Faculty wanting more sabbatical opportunities

Pernilla Schickhardt

This semester, the academic sabbatical committee became a faculty senate committee.

“The academic sabbatical offers faculty members opportunities to renew themselves, the sabbatical is a form of human resource development,” said Frank Chorba, assistant professor of mass media and chair of the new committee.

Every seventh year full-time faculty on tenure can apply for the academic sabbatical, a one semester leave with full pay, or two semesters with half pay, to do research that can’t be done on campus.

Barbara Bowman, professor of psychology, spent last spring on sabbatical and already is planning for another term on sabbatical.

“It started with a desire to study more in forensic psychology. Probably, I am going to offer a new class from what I have learned,” said Bowman.

Academic sabbaticals mean a break from the ordinary, but also work.

“It is an intellectual vacation, from the usual responsibility and job. Even if it still means intellectual work,” said Ali Kahn, professor of law and chair of the faculty affairs committee. “There is a fatigue factor after teaching for six years. The sabbatical gives you a chance to start over again, like resting after a big exercise.”

“I thought I would do a lot of reading and I did. I got to specialize in a specific area in my field, and do what I didn’t have time to do while teaching,” said Bowman.

Each year about eight to 15 people apply for the academic sabbatical, seven to 10 are allowed to go each year.

“The number of sabbaticals we give is relative to the number of faculty we have, and it is in line with other universities out of state that we consider ourselves competitive with,” said Ron Wasserstein, vice president of academic affairs.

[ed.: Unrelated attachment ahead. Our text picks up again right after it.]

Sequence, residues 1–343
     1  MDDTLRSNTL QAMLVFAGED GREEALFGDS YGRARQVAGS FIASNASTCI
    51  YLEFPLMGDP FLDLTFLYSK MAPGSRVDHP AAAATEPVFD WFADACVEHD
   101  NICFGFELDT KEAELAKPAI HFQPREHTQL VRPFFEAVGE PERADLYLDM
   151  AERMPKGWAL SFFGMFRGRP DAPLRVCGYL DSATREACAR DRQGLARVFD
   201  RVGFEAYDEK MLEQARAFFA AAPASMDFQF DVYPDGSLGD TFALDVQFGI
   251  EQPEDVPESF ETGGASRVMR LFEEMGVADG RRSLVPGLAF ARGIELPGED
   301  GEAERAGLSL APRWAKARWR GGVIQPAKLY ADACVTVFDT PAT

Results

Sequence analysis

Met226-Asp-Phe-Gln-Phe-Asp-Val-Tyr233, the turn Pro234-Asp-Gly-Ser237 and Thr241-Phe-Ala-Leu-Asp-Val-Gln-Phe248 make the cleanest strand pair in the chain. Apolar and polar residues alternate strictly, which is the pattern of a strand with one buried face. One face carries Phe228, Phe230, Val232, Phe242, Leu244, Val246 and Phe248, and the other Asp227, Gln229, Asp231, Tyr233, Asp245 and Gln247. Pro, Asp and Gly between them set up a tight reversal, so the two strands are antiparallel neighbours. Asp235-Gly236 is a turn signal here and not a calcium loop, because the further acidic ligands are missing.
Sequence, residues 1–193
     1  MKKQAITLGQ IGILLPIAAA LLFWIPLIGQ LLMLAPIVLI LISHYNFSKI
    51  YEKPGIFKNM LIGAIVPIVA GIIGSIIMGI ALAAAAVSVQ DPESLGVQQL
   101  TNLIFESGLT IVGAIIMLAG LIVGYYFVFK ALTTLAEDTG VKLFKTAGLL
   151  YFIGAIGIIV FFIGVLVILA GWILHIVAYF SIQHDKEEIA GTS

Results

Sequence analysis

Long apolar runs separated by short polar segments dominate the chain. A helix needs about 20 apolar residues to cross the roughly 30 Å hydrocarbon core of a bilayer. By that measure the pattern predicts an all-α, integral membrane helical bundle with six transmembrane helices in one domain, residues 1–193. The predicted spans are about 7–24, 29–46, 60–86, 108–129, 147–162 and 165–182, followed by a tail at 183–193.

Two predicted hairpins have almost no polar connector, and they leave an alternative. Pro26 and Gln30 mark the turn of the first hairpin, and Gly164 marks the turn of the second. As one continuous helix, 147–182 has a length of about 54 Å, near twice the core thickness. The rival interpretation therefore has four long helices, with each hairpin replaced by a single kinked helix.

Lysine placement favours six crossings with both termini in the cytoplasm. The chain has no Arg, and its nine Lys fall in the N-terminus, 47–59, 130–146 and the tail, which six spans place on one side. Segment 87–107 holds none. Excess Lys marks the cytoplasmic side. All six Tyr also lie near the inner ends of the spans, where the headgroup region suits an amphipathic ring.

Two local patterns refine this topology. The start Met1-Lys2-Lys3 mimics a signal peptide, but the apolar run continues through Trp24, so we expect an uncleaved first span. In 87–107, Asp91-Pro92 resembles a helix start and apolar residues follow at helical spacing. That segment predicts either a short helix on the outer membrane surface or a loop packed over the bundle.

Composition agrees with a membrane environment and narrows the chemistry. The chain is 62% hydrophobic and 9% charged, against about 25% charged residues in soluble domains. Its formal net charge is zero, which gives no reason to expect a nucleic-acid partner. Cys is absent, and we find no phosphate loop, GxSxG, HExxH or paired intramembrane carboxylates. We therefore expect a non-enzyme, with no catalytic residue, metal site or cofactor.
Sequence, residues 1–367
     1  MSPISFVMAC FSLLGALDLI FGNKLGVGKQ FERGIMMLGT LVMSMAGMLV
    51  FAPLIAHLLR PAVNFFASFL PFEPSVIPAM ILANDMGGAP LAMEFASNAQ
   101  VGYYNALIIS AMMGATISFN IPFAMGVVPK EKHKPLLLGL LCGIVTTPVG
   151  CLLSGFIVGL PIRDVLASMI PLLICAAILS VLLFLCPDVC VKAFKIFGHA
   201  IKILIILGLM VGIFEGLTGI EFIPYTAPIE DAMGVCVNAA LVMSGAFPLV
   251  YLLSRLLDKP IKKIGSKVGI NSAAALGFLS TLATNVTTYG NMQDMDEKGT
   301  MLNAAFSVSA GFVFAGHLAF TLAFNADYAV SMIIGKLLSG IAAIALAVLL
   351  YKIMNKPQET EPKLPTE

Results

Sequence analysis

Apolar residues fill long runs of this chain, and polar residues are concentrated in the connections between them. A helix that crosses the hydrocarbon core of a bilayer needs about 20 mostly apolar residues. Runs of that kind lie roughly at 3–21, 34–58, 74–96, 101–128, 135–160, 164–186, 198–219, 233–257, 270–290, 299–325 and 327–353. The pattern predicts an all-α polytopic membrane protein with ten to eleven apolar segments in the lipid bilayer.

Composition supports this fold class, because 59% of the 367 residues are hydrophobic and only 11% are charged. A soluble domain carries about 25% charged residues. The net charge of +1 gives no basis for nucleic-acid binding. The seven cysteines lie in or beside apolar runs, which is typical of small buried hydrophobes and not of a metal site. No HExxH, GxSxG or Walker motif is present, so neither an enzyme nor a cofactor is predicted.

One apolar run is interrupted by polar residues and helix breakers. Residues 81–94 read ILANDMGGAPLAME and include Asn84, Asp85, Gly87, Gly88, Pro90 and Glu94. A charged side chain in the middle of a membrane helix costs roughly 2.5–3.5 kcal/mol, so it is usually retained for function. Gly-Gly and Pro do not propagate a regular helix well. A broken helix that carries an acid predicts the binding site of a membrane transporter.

Faculty members have different views on whether the academic sabbatical is awarded to enough people, and often enough.

“Not enough individuals apply, and not enough individuals are rewarded,” said Chorba.

The professors interviewed agree that it would be good if more faculty members could go on sabbatical, but not on any expenses.

“It would be good if more faculty members could go on sabbatical, but the problem is money. And it is hard to replace a Ph.D. that is gone, if you can’t find someone of the same caliber, some classes may have to be shut down,” said Harold Rood, professor of philosophy and former chair of the academic sabbatical committee.

How many are awarded each year depends on funding capability and other priorities. Washburn is not a research institution, but still focuses on learning and helping students learn.

Still, some faculty members argue that more should get to go on academic sabbatical.

“It is a significant problem that some faculty gets turned down because of economic reasons. Teaching is so important and you can’t be serious about it without working for a cutting edge perspective,” said Chorba.

He is not the only one who wishes that money wasn’t an issue.

“Ideally everybody with a good proposal should get leave,” said Kahn.

However, there are no signs of any change in numbers or the frequency of academic sabbaticals.

“I know there are people that think the academic sabbatical should be awarded to more people or more often, and I look forward to a discussion about that in the faculty senate,” said Wasserstein.